Atticus himself demonstrates fortitude when he accepts the position of attorney for the defense of Tom Robinson. Knowing the scorn and ridicule that he will receive, Atticus still chooses to do what is right. It is in his speech about Mrs. Dubose that he subtly alludes to his own decision to defend Tom Robinson:

"It's when you know you're licked before you begin but you begin anyway and you see it through no matter what. You rarely win, but sometimes you do." (Ch.11)

Although Atticus Finch is a rather unorthodox parent, he certainly sets a wonderful example for his children as a virtuous man.

lsooy eNotes educator| Certified Educator

Atticus teaches his children responsibility, integrity, moral courage, and empathy.


Atticus is assigned to defend a black man during a time of extreme racial prejudice in the south. Most white lawyers of his day and time would be feel pressure from the white community to refuse to represent or defend a black man, but Atticus knows it is his job to defend Robinson to the best of his abilities and that is what he does.


There is a saying that integrity is doing the right thing when no one is looking. It is said of Atticus that he was “the same in his house as he is on the public streets” and Atticus tells Scout that he “couldn’t go to church and worship God if I didn’t try to help that man [Robinson].”

Moral Courage:

Moral courage means sticking to your convictions. Atticus takes on a fight that he knows he has very little chance of winning because it is the right thing to do. Atticus tells Jem the story of Mrs. Dubose to teach him about the power of moral courage.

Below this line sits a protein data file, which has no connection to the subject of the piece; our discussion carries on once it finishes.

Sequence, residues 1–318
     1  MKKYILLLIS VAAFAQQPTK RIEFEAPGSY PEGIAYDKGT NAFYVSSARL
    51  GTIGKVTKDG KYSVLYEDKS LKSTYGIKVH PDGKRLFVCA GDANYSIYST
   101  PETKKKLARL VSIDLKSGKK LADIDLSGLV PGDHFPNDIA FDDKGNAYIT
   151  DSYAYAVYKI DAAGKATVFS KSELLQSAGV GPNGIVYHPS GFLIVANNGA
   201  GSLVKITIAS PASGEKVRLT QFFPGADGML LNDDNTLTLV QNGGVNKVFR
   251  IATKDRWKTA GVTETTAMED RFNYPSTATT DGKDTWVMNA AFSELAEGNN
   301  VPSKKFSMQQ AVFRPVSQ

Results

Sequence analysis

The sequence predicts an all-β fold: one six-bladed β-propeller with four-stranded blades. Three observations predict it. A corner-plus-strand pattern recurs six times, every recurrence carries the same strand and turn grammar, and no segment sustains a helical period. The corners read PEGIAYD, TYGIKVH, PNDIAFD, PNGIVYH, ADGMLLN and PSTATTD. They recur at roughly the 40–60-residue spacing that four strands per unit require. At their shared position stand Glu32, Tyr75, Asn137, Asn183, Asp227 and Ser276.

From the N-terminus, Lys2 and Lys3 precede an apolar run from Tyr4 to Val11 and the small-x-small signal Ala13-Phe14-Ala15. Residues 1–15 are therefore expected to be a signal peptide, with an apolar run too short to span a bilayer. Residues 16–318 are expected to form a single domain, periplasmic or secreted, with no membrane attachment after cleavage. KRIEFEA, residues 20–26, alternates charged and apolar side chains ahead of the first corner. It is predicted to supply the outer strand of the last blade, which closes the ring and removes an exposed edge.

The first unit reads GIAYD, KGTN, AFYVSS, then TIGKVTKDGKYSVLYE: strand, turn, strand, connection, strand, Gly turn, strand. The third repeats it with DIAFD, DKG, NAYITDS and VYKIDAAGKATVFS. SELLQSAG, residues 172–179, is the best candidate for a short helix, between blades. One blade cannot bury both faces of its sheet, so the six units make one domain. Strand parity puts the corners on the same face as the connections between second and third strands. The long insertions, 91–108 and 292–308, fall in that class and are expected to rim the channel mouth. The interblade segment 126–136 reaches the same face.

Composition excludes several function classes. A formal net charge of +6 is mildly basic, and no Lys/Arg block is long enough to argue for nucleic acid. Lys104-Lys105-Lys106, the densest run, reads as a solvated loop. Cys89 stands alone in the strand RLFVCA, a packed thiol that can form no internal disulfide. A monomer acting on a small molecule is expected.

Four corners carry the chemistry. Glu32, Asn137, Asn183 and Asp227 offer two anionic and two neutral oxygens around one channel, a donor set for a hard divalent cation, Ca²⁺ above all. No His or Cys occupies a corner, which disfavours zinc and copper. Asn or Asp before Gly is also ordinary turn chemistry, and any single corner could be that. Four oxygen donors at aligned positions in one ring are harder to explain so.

By far, one of the greatest lessons for any child to learn is empathy for one’s fellow man/woman. Atticus teaches his children about empathy by getting them to consider how the other person feels. Atticus tells Scout, “You never really understand a person until you consider things from his point of view—until you climb into his skin and walk around in it.” Atticus even shows empathy for the Bob Ewell after he spits in his face when he tells Jem to think about how Mr. Ewell must feel “I destroyed his last shred of credibility…The man had to have some kind of comeback, his kind always does.”

bullgatortail eNotes educator| Certified Educator

In Chapter 3, Atticus teaches Scout the importance of tolerance toward others, particularly Miss Caroline, when he offers the advice that

"You never really understand a person until you consider things from his point of view--until you climb into his skin and walk around in it."  (Chapter 3)

In Chapter 5, Atticus stresses the need to respect a person's privacy when he orders the children to leave Boo Radley alone, to

"... stop tormenting that man."  (Chapter 5)

In Chapter 10, he teaches Jem and Scout a lesson in humility when they discover that their father has hidden his secret talent--that of being the finest marksman in Maycomb County. Miss Maudie explains how "People in their right minds never take pride in their talents," and Jem is quick to see that

     "Atticus is a gentleman, just like me!"  (Chapter 10)

Atticus displays how courage is not "a man with a gun in his hand" in Chapter 15 when he stands alone at the jail to protect Tom Robinson from the lynch mob. Scout recognizes the full significance of Atticus's actions later that night when

The full meaning of the night's events hit me and I began crying.  (Chapter 16)

Read the study guide:
To Kill a Mockingbird